Women entrepreneurs' business goals and performance: in harmony?

José Ernesto Amorós Espinosa, Laura Lamolla Kristiansen, Maika Melina Valencia Silva

Producció científica: Contribució a una conferènciaContribució


Research on performance and business success has captured attention of many researchers in the female entrepreneurship field. Nevertheless, there is still enough controversy on how to measure performance and which indicators should be taken into account, mainly when there are comparative studies between men and women entrepreneurs. In fact, controversy has arisen regarding if companies created by women have a higher rate of failure or lower performance in comparison with those created by men (Brush, 1992; Fischer et al.,1993; Kalleberg & Leicht, 1991; Srinivasan et al., 1994). Performance studies have used different variables to measure it, in a great majority, they have only been focused on measuring economic performance (Sexton & Robinson, 1989; Watson, 2002; Watson & Robinson, 2003) without considering other type of measurements, that can be important for women entrepreneurs, apart from the economic ones. Studies that have delved into this topic, analyzed others aspects than economic results of performance and argued that male and female entrepreneurs pursue different business goals. Entrepreneurial women generally emphasize social goals, while male entrepreneurs emphasize economic goals (Brush, 1992; Holmquist & Sundin, 1989; Lamolla, 2005). In this paper we analyse only on women entrepreneurs and examinate differences between their business goals and business performance. A sample of 231 new ventures created by women entrepreneurs located in the six more populated cities of Spain was collected. Using mail survey as instrument we obtained a response rate of 21.97%. We used non-parametric tests to investigate differences between "economic-oriented" and "non-economic oriented" business goals. Additionally, regressions were used to assess the impact of business goals on performance. Our research shows that women entrepreneurs that follow non-economic goals either individual or social-oriented do not necessarily deteriorate the economic performance of an enterprise. Contrarily to some previous literature, our results seem to support the idea that women who prefer individual or social goals are indeed able to succeed in their enterprises because of these non-economic goals. Moreover, we also find that economic-oriented women tend to experience a cost in economic performance when pursuing non-economic goals. Results bring out that entrepreneurial activity for women implies to get an economic benefit at same time that they do manage well with others non-economic benefits.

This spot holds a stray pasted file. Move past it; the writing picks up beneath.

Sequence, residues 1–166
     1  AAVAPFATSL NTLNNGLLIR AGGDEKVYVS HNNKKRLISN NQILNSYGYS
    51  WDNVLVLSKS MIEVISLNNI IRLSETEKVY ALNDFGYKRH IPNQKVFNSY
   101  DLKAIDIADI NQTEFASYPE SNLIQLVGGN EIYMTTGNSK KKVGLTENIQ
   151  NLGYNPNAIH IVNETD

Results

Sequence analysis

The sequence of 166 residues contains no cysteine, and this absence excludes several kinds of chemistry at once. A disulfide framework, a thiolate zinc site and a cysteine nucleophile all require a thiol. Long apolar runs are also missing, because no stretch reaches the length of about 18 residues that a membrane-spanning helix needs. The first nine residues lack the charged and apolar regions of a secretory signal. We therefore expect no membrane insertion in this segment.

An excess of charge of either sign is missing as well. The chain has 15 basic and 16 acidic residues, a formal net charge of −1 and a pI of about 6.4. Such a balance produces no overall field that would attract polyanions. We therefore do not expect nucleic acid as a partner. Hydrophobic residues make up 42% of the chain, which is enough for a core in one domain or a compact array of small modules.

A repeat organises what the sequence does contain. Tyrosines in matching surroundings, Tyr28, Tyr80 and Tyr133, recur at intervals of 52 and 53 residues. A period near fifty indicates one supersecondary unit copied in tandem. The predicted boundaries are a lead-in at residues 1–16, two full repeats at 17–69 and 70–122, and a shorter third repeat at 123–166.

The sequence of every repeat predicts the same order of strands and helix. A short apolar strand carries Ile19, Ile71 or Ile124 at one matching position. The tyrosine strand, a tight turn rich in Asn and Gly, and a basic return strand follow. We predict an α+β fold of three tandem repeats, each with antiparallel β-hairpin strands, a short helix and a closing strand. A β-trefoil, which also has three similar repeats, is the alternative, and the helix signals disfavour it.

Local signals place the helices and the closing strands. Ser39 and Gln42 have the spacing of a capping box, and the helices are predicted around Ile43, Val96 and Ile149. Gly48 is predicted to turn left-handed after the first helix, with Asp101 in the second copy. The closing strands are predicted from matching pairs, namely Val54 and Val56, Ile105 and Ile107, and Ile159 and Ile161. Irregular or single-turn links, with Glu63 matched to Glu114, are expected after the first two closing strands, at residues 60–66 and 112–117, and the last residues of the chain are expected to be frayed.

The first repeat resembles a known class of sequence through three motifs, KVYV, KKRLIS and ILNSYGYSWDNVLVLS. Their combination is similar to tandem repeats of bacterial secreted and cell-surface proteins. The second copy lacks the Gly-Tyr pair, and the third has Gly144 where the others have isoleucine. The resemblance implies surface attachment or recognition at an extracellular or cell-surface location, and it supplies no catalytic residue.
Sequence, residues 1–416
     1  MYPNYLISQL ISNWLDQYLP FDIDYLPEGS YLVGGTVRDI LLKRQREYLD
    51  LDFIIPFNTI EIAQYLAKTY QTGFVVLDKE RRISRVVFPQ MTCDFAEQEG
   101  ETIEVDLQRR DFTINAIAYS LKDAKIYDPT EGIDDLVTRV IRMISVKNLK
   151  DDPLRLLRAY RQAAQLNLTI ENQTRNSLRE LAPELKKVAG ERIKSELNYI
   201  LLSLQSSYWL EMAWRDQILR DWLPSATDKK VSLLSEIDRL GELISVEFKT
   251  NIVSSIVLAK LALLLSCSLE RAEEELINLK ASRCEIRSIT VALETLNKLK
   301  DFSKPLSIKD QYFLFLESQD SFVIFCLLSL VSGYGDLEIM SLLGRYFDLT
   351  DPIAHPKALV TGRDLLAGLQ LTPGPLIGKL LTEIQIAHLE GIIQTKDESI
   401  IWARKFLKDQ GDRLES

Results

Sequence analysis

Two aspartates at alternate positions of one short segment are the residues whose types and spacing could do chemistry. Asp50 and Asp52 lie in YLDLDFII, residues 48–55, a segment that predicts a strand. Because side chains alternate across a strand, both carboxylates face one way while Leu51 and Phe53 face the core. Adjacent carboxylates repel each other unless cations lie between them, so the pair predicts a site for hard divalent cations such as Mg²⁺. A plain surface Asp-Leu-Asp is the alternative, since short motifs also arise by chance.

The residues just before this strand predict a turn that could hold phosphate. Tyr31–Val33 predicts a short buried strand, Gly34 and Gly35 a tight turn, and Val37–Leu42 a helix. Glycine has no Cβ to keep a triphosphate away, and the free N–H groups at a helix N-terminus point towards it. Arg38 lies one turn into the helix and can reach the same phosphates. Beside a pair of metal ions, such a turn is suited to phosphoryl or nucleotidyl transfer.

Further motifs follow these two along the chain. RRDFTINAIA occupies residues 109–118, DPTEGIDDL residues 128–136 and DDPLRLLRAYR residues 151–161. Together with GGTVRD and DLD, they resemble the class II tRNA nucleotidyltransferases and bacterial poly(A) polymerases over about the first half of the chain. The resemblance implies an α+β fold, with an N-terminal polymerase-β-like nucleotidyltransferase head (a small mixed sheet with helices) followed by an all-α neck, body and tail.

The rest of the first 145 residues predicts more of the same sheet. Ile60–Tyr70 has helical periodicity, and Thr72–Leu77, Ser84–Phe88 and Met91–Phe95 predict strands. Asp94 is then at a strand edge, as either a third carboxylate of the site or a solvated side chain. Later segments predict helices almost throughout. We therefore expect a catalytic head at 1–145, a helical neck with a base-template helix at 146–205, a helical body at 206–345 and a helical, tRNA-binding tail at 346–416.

Idioma originalAnglès
Estat de la publicacióPublicada - 6 de juny 2007
Publicat externament
Esdeveniment2007 Babson College Entrepreneurship Research Conference (2007 BCERC) -
Durada: 5 de juny 20077 de set. 2007


Conferència2007 Babson College Entrepreneurship Research Conference (2007 BCERC)


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